Sustainability Reads: March 21- April 3

Fiji, Palau, and the Marshall Islands are three Pacific islands that have already ratified the Paris climate change agreement. It’s still early though as many countries, including China and the U.S., are expected to follow suit and sign the agreement at the official signing ceremony April 22 in NYC (i.e. on Earth Day).

It’s great that the international community seems to be getting serious when it comes to climate change because, as reinforced by the Sustainability Reads this week, we need it.

Contribution of Antarctica to past and future sea-level rise
A study released last week revealed that if greenhouse gas emissions aren’t abated, sea levels will rise almost twice as much as previously thought by 2100. More specifically, the previous models put potential sea-level rise at under a metre by 2100, but estimates underestimated the melting of the Antarctica ice sheet. This new study says that Antartica on its own has the potential to contribute more than a metre of sea-level rise by 2100. Study by Robert M. DeConto  and David Pollard published in Nature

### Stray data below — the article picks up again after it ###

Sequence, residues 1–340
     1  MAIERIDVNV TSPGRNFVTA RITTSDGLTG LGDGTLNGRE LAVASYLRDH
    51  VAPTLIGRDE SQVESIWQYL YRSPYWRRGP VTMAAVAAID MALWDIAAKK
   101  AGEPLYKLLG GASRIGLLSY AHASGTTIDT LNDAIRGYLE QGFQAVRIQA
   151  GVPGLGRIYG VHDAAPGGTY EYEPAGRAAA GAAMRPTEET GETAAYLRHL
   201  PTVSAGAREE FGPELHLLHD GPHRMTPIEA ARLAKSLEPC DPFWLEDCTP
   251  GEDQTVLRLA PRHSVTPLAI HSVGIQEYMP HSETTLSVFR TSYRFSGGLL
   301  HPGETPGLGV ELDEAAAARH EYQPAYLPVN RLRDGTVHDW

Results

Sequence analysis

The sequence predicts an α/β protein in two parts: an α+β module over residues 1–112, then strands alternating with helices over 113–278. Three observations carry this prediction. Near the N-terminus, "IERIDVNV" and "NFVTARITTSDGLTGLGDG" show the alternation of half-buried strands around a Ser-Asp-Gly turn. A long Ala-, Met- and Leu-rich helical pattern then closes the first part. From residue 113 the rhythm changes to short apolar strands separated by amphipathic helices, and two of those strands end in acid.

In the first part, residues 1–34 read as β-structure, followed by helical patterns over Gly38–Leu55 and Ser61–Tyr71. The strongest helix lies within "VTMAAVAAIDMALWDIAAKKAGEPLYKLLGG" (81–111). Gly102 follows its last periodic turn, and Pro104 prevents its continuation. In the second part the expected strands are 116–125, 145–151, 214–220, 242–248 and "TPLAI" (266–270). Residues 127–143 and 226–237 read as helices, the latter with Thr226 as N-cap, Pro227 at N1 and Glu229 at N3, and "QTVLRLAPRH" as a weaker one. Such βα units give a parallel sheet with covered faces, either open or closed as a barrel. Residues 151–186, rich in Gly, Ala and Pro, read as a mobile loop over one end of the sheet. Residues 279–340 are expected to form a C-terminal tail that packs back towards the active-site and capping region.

Induced Earthquakes Raise Chances of Damaging Shaking in 2016
A new study by the U.S. Geological Survey (USGS) mapped hazards from natural earthquakes as well as manmade earthquakes caused by fracking. The six states most likely to see manmade earthquakes are: Oklahoma, Kansas, Texas, Colorado, New Mexico and Arkansas (listed in order from highest to lowest potential hazard). See image below to view specific areas affected and a comparison to California, which is known for the highest rate of natural earthquakes in the U.S.

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Coal plants use as much water as 1 billion people and consumption set to double: report
Research found that globally 44% of current coal plants, and 45% of planned coal power plants, were in areas that were in a state of water stress – where water use is already considered to be having significant ecosystem impacts. And about a quarter of the proposed new coal plants were planned in regions that were already running a freshwater deficit, where water is used faster than it is naturally replenishing. Report commissioned by Greenpeace, article by Michael Slezak at The Guardian

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